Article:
Friday, June 22, 2007

TOB 1-10: The Beginning

I have been reading the Theology of the Body now for 4 days (not counting the introductions), and I figure I should be at the point where I can put a reflection forward on what has happened thus far.

At this point, John Paul II is still talking about the creation of man as laid out in Genesis, and the appeal of Christ to those words.

Man was created as male and female, and it is significant that there are two separate accounts which each tell us different things about this important aspect of mankind. Christ refers to both of these when he appeals to "the beginning".

When we examine the second creation story in detail, and in relation to the first, we note a certain richness that is expressed there. In this story, God created man (Adam) first, but man was alone. Though similar to the beasts, because he possessed a body, Man was different from them in significant ways. He could make choices, he was in the image of God.

Adam was the first man, or properly the first Human. In him was embodied all that is humanity. But, it is not good for man to be alone, so God created the animals, which didn't change the solitude that Man existed in, to this point. And so, God put Adam into a deep slumber (removing the will of Adam from the equation) and fashioned woman from the rib of Adam.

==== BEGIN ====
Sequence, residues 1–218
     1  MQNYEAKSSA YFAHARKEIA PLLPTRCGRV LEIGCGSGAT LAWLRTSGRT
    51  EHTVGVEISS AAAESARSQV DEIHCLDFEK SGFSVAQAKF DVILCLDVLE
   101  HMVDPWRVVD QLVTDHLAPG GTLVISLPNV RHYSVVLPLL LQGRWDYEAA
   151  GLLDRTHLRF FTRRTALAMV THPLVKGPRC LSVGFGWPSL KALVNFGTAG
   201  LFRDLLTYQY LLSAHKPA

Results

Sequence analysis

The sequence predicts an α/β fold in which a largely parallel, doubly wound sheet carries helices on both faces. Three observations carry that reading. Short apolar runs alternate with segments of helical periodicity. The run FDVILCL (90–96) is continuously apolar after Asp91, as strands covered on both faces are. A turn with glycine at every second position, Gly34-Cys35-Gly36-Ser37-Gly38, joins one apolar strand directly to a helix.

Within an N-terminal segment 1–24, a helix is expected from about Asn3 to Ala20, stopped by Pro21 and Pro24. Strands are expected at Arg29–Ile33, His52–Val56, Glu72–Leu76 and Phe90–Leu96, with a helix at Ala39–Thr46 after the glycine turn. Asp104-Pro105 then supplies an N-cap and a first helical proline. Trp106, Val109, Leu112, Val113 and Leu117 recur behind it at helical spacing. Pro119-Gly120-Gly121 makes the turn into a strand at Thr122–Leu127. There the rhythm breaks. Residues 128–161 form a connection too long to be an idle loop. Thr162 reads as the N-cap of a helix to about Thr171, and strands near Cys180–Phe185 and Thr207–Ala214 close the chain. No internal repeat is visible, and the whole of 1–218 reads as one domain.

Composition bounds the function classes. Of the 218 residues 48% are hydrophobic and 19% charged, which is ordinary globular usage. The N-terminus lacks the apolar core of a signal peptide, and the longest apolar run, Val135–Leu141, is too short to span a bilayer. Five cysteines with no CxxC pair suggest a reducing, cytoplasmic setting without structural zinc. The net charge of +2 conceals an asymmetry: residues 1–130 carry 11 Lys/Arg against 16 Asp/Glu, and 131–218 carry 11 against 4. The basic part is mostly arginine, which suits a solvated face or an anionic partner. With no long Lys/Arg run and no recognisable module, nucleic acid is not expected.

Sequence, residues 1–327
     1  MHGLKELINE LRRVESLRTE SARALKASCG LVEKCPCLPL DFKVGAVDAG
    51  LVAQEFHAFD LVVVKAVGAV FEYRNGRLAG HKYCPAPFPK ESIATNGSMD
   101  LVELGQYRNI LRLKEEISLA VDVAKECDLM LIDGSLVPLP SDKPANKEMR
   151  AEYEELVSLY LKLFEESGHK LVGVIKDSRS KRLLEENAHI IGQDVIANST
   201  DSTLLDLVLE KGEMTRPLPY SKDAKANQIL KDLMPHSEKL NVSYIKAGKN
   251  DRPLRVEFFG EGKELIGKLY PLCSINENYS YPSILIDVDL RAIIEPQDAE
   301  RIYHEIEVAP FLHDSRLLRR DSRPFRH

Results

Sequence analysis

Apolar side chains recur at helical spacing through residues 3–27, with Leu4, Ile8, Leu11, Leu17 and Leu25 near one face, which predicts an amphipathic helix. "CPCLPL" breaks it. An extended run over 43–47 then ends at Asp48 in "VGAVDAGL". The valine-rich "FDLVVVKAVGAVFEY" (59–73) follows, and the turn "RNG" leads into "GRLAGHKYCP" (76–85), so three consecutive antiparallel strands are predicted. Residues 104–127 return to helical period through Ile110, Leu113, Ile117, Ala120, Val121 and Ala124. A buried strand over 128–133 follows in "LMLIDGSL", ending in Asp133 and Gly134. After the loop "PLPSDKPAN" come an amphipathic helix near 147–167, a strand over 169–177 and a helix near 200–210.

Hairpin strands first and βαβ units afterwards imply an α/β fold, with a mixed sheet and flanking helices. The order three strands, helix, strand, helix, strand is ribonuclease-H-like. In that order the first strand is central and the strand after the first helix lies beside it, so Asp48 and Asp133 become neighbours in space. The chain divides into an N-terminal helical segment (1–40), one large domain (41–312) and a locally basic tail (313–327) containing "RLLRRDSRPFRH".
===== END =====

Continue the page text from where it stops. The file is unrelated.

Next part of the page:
It was not until this point that Adam had any sense of "maleness" because an understanding of sex (gender) cannot exist without the complimentary relation between male and female. And so, up until the creation of Eve, Adam and Eve were literally and actually one flesh. And so, when it is said that through conjugal union, the two will become one flesh, this is what it meant by that. Adam, being the archetypal human, is complete in all ways. This completeness is what is reached when "the two become one flesh" through the conjugal union.
When they unite with each other (in the conjugal act) so closely so as to become "one flesh," man and woman rediscover every time and in a special way the mystery of creation, thus returning to the union in humanity ("flesh from my flesh and bone from my bones") that allows them to recognize each other reciprocally and to call each other by name, as they did the first time. ... The fact that they become "one flesh" is a powerful bond established by the Creator through which they discover their own humanity, both in its original unity and in the duality of a mysterious reciprocal attraction. (TOB 10:2)
Man is not truly complete as only male or only female, but regains a fullness in humanity through the community of persons, the relations between male and female.

I look forward to continuing these discourses.